Nevertheless, Petitioner's inability to meet the statutory requirements for filing a successive Section 2255 motion does not automatically render the remedy under Section 2255 inadequate or ineffective. See Moore v. Reno, 185 F.3d 1054, 1055 (9th Cir.1999) (concluding that a Section 2255 movant may not avoid the limitations imposed on successive petitions by styling his petition as one pursuant to Section 2241 rather than Section 2255, and that the AEDPA required dismissal of petitioner's successive Section 2255 motion because his claim was based neither on a new rule of constitutional law made retroactive by the Supreme Court nor on new evidence). To the extent Petitioner may argue that his only remedy is to pursue his claim via a habeas petition pursuant to Section 2241 because a panel of the court of appeals would refuse to certify a second or successive motion under Section 2255, Petitioner's argument fails. Section 2241 "is not available under the inadequate-or-ineffective-remedy escape hatch of [Section] 2255 merely because the court of appeals refuses to certify a second or successive motion under the gatekeeping provisions of [Section] 2255." Lorentsen, 223 F.3d at 953. Further, as previously stated, the remedy under Section 2255 usually will not be deemed inadequate or ineffective merely because a previous Section 2255 motion was denied, or because a remedy under that section is procedurally barred. Id. at 953 (stating that the general rule in the Ninth Circuit is that "the ban on unauthorized second or successive petitions does not per se make § 2255 'inadequate or ineffective' "); see also United States v. Valdez-Pacheco, 237 F.3d 1077 (9th Cir.2001) (procedural limits on filing second or successive Section 2255 motion may not be circumvented by invoking the All Writs Act, 28 U.S.C. § 1651); Moore, 185 F.3d at 1055 (rejecting petitioner's argument that Section 2255 remedy was ineffective because he was denied permission to file a successive Section 2255 motion, and stating that dismissal of a subsequent Section 2255 motion does not render federal habeas relief an ineffective or inadequate remedy); Tripati, 843 F.2d at 1162-63.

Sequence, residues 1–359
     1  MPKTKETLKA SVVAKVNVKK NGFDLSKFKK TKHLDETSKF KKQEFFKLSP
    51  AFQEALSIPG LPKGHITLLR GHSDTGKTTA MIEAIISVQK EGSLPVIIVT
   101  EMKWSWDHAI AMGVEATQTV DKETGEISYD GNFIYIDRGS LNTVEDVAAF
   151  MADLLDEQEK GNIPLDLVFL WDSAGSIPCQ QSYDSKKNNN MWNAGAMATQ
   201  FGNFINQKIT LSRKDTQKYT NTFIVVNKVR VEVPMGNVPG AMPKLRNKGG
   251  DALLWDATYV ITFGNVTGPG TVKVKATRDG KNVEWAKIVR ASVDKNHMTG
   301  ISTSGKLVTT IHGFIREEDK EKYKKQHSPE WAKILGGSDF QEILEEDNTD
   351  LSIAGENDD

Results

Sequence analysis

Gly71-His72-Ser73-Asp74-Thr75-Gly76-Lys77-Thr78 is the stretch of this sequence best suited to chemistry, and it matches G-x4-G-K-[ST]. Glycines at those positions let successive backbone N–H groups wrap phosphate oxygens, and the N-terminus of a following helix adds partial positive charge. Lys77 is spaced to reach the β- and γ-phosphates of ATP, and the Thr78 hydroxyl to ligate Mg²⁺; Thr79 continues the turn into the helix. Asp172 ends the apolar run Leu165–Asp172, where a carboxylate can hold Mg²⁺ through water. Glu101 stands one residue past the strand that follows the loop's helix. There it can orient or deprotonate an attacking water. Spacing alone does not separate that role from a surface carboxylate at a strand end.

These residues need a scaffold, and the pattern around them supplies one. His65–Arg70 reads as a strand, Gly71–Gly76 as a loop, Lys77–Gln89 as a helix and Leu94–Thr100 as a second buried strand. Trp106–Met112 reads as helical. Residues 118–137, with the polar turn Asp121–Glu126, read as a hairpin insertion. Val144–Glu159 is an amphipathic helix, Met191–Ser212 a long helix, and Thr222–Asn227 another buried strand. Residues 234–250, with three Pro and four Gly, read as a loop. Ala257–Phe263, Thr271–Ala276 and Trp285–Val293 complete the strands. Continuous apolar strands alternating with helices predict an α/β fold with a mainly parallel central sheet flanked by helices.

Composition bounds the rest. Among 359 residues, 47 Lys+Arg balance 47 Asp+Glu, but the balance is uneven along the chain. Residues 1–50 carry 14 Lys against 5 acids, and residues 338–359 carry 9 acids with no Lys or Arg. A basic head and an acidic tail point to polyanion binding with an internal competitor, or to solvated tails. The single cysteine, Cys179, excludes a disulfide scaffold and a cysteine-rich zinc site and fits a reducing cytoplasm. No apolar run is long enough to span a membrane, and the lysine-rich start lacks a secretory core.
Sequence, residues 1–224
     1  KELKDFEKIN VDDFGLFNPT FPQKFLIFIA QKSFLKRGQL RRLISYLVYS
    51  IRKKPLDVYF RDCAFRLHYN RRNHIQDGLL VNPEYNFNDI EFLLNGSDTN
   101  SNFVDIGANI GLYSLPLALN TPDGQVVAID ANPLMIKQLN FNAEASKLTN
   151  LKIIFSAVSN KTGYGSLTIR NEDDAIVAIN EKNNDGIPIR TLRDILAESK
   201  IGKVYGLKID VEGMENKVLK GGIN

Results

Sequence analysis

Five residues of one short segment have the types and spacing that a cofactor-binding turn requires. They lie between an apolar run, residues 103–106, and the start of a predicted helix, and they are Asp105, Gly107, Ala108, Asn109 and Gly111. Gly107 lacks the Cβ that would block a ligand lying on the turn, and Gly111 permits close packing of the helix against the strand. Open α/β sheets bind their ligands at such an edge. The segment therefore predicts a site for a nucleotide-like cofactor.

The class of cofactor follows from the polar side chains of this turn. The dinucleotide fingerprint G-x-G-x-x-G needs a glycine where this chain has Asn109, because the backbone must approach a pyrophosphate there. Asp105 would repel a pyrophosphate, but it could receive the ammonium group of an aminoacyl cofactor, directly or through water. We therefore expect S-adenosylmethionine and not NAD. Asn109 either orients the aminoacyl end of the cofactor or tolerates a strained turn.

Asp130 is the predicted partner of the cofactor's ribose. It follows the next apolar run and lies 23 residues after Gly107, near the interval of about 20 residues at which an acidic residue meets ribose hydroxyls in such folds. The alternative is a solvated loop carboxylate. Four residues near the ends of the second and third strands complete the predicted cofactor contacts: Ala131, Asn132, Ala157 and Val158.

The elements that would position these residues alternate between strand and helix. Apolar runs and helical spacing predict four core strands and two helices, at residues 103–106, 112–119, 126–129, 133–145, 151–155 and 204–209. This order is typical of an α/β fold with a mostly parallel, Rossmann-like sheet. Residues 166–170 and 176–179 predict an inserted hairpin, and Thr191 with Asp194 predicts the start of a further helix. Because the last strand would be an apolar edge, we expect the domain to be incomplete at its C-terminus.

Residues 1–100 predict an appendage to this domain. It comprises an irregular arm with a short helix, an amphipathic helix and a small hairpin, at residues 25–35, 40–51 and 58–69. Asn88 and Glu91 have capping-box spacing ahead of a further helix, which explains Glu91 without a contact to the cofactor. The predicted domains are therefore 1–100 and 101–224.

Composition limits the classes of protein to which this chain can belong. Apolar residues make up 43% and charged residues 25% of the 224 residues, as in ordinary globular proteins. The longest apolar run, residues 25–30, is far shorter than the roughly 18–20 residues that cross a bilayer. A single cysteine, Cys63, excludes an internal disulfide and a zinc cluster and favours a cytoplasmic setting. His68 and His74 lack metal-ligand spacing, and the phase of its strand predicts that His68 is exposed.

Moreover, Petitioner has failed to demonstrate that his claims qualify under the savings clause of Section 2255 because Petitioner's claims are not proper claims of "actual innocence." In the Ninth Circuit, a claim of actual innocence for purposes of the Section 2255 savings clause is tested by the standard articulated by the United States Supreme Court in Bousley v. United States, 523 U.S. 614 (1998). Stephens, 464 U.S. at 898. In Bousley, the Supreme Court explained that, "[t]o establish actual innocence, petitioner must demonstrate that, in light of all the evidence, it is more likely than not that no reasonable juror would have convicted him." Bousley, 523 U.S. at 623 (internal quotation marks omitted). Petitioner bears the burden of proof on this issue by a ...